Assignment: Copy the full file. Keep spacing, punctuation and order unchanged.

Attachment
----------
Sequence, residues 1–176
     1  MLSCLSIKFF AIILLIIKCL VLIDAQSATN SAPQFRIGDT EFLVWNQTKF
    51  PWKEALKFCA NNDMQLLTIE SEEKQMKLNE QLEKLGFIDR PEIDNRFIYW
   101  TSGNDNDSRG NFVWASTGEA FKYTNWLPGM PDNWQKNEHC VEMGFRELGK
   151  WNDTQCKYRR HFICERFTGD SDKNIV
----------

Sequence, residues 1–176
     1  MLSCLSIKFF AIILLIIKCL VLIDAQSATN SAPQFRIGDT EFLVWNQTKF
    51  PWKEALKFCA NNDMQLLTIE SEEKQMKLNE QLEKLGFIDR PEIDNRFIYW
   101  TSGNDNDSRG NFVWASTGEA FKYTNWLPGM PDNWQKNEHC VEMGFRELGK
   151  WNDTQCKYRR HFICERFTGD SDKNIV